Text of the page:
The Sultan’s Daughter

Main Text

KK: “The next one is called the Sultan’s Daughter. Yeah, it’s called the Sultan’s Daughter, and it’s about, the main character is not the Sultan’s daughter, it’s the son of a king in one, in one country, and he sets out on a journey. His father wants to know if he’s you know responsible, and worthy of becoming king when he grows up. So he gives the Prince a bag of of money, and gives the Prince a sword, and he says ‘Okay, you know, go out and figure out what’s happening.’ So the Prince leaves, with him he has a bag of money, a sword, and a horse. And so he treks through a couple of different countries, and eventually the horse dies of starvation or dehydration, one of the two. But the Prince is in great spirits, you know, he has a general love of life and a love of the world. He loves exploring, so he just keeps walking by himself, and eventually he stumbles across this old ruin of like a temple, and he sees these two men with pickaxes digging up a grave. And they take out a skeleton from the grave, and so he he pulls out his sword, he’s a very righteous person, and he points it at them he says ‘Hey, stop! You know you can’t do that, you’re, that’s sacrilege.’ And the two bandits they say ‘Well, no, this man in his life owed us a great debt, and now that he’s dead, you know, we’re just coming to collect.’ The Prince said ‘I understand that you were owed a debt, but you know the man is dead now, and you can’t just defile his grave. I mean he’s probably not at peace with the fact that he never got to pay that debt himself, so let that be his punishment.’ The two men were like ‘Okay, well, sure, but we still need our money.’ So the prince said ‘Well, how about I pay you? and if I do, you have to promise to put those bones back and cover the grave with the utmost respect.’ And so the Prince paid them, and they put the bones back and covered it up, and once the Prince paid them, he realized ‘Oh, I’m out of money.’ So he had now no horse, no money, but he still just kept walking and he was still having a great time. He was loving life. And then he met this, this man who we’ll just refer to as friend for the rest of it. And this friend approached him and was like ‘Hey, wow! you’re traveling! I could travel with you for a bit.’ And he had a good, you know, he had an honest looking face, so the Prince was like ‘Yeah, of course, you know, come along with me.’ So the prince and his friend kept traveling, and then they stumbled upon the city. And as they walked into the city there was this beautiful, beautiful woman, the most beautiful that the prince had ever seen. And so he turned to his friend and was like ‘Wow! Who’s that?’ And his friend goes ‘Oh, that’s the sultan’s daughter but if you want her hand in marriage you have to, you know, solve her riddle correctly. Thousands have tried, but if you fail, you get put to death.’ The Prince was like ‘Man you know even though that’s a little cruel I’m in love. This is the woman for me. I’m gonna solve the riddle.’ So then the friend was like ‘You know, Why don’t we just go to bed, and well, when you have a fresh mind tomorrow you can go tackle the riddle.’ So they went to bed, and the friend woke up in the middle of the night, and he fashioned some wings out of just loose hay in the barnyard they were staying at and he took some of the hay as well and fashioned like a little bracken whip. And so he he flew out to the Sultan’s palace, and he waited for the daughter, who also had golden wings Just by the power of magic and she flew out of the palace like in the dead of night, and she flew to this witch’s cave. But the whole time she was being followed by the friend and the whole time the friend was, you know, beating her back with the the bracken whip. She didn’t notice she thought it was just the raindrops hitting her back in like a painful way and it didn’t leave any marks. So she gets to the witch’s hut, or the witch’s cave, and she goes and is like ‘Hey, like you know I need a new riddle this man is gonna come ask for something.’ So the witch is like ‘Okay, well, he’ll never get this. Tell him to, tell him to like answer: what am I thinking about right now? what is the princess thinking about? and the answer should be your gloves.’ So the next day they wake up and the friend goes ‘Hey, you know, if the princess asks you what she’s thinking about, say her gloves.’ And he goes in, and he gives the correct answer, and the princess is mad. She’s like ‘It shouldn’t be this easy, you know. No, come back tomorrow.’ Then the Prince is, he’s a good guy so he’s like ‘Oh, I mean I thought it was only a one time deal, but sure I like you so much I’ll come back tomorrow.’ So he he goes to bed, and the same thing happens. The next night the friend follows her to the witches hut, beating her with the lashes, and she, the witch gives a new riddle, and the new riddle is again: what am I thinking about? And the answer is the crown on top of my head. And so the next morning the friend says to the Prince ‘Hey, If again, she asks what you’re thinking about say the crowd on top of her head.’ So he goes in, gives the riddle correctly and the the Princess is furious. She’s like ‘There’s no way. This should not be this easy, come back tomorrow.’ So again, same thing happens. she flies out, and she gets beaten with the lashes. So she flies back for the third time, and the witch says ‘Okay, this time he’ll never get this. Tell him that you’re thinking about my head, the witch’s head. And so the princess flies back, and as she’s flying back, she’s like ‘Wow, you know my back is cut so much from this rain I’m never visiting this witch again.’ So then the friend has been waiting outside the witches cavern the whole time, and he draws a sword, and as the witch pokes her head out he cuts it off and he puts the head in a bag, and he goes back to the prince. And the next morning the prince wakes up, and the friend is like ‘Hey when the Princess asks what she’s thinking about just show her whatever is in this bag, but don’t open it till you get there’ and he gives him the bag with the head in it. The good prince goes in once again, and the Princess asks ‘What am I thinking about?’ And he he doesn’t say anything because he’s like ‘Okay? Well, I wasn’t given anything to say.’ And the guards draw their swords and the executioner has the axe at the ready and he’s like ‘Wait, wait, wait, wait, wait one sec’ and he reaches into the bag and pulls out the witch’s head, and you know, in classic fairytale fashion the princess is wooed and falls into his arms and is like ‘Yes, this is him. This is the man that I’m gonna marry.’ And the Prince is super stoked. He’s like ‘Oh, yes, I just got, you know, the prettiest girl in the whole land.’ So then he goes back to his friend and he’s like ‘Yo like it worked I mean’ and his friend is like ‘Oh, that’s great for you.’ And the Prince is like ‘So, you know, I gotta go back home to tell my dad, but when can I see you again?’ And his friend goes ‘Well, actually you know you’re not gonna ever see me again. Like I’m done here.’ And the prince is like ‘What do you mean?’ The man says ‘Do you remember when you stopped those two men from defiling that grave?’ And the Prince is like ‘Yeah, yeah, I mean I just thought it was the right thing to do.’ The man’s like ‘Actually that was my grave and you know I’m just here to help you out because you helped me out.’ Yeah, that’s the end of the story.”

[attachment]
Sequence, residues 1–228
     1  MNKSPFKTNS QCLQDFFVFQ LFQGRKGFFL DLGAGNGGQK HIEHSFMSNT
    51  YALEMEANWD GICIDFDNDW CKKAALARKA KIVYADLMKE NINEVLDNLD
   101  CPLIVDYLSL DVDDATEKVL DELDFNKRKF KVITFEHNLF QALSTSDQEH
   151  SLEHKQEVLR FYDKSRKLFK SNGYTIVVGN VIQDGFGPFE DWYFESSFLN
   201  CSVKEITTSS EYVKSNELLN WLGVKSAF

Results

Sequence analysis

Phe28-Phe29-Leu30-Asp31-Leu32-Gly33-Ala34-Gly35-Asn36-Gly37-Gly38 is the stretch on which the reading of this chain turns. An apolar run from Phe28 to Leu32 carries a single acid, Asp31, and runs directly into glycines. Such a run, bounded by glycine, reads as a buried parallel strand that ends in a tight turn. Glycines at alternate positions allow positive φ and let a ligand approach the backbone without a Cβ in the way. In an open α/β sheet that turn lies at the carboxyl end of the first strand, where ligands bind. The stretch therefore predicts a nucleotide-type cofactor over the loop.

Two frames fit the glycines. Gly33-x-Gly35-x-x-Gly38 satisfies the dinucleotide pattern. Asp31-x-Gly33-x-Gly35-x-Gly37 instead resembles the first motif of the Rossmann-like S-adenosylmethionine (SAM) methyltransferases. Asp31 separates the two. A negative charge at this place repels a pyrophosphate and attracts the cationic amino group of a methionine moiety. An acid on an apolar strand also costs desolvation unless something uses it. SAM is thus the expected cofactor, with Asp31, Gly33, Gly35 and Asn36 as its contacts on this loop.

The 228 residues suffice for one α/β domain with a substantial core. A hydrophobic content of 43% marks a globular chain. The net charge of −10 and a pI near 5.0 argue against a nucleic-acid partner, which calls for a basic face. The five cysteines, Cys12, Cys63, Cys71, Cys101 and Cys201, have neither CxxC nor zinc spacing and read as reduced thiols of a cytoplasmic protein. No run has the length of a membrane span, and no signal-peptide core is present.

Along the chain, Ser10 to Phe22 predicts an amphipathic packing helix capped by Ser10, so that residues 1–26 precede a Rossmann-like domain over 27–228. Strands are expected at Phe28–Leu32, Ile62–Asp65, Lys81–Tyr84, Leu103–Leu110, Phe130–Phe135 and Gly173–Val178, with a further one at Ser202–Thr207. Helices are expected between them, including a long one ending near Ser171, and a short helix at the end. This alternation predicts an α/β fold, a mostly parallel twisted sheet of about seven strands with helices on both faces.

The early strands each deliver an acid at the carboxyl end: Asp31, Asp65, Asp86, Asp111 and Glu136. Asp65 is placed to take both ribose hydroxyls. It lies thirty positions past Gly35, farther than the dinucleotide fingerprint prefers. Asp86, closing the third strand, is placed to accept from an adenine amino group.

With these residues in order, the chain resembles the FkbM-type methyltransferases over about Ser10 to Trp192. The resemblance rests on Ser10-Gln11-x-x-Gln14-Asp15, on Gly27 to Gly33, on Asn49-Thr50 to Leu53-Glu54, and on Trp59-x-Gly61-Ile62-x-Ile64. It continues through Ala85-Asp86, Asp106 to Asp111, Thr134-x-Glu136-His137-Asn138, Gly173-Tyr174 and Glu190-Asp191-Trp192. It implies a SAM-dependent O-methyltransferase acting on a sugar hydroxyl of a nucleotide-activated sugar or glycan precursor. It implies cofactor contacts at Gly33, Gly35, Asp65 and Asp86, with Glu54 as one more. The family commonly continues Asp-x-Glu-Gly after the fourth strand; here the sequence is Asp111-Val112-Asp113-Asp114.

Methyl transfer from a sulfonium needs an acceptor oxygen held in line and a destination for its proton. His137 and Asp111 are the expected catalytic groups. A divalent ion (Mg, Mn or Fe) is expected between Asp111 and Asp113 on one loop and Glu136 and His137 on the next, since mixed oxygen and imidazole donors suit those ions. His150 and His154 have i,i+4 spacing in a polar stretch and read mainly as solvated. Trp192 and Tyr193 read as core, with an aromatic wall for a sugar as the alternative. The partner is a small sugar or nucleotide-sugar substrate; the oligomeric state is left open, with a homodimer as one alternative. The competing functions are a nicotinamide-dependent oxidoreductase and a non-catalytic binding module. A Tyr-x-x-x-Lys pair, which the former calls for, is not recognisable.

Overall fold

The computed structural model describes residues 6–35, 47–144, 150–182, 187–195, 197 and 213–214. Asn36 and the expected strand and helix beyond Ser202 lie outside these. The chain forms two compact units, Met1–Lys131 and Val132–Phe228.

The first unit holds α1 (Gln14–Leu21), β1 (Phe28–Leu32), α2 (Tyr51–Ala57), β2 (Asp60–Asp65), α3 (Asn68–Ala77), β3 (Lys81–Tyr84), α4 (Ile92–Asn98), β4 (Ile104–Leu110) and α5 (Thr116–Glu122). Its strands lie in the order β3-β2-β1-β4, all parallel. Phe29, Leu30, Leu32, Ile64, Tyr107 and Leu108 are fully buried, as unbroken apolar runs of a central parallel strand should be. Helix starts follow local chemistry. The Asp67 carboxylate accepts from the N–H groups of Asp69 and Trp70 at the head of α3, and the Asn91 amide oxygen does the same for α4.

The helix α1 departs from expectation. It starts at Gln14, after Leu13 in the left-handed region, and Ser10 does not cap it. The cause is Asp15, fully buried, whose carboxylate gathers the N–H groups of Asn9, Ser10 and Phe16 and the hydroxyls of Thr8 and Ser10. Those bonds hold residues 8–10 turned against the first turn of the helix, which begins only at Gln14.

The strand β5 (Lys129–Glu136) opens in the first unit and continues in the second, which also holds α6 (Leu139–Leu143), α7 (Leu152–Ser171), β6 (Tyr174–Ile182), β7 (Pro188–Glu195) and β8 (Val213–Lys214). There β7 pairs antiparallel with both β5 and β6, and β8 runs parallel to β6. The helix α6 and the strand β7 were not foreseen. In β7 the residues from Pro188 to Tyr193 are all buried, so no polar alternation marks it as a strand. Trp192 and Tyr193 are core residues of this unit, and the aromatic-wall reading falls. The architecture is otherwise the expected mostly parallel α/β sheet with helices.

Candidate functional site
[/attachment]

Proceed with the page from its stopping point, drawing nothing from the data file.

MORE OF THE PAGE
KK is a 21 year old USC student studying psychology on a pre-med track. Of Indian descent, he was originally born in South Africa but has lived in England, the UAE and now in New York, Ny. KK heard this story for the first time as a child still living in South Africa from his grandmother. It was his favorite and would ask for this story to be told to him over and over again. He thinks it is his favorite because he connects so well with the overall moral of the story.


KK says that the Sultan’s Daughter is another traditional South African folktale that would be told to children as a bed time story. The moral of this story in his words is that if you do good things, good things will come unto you and that you should have no desire for material goods. But you should use your resources to help others, and they will help you in return.

Interviewer Analysis

I found this story very interesting and over the course of the telling became wrapped up in the plot and the success of the main character, not just in analyzing the text. It is most often the most interesting tales that are carried on, as they are more memorable and more likely to be retold. This story certainly supports that hypothesis although it is admittedly quite long. As an emic observer this story makes perfect sense not only in its moral but also in its purpose.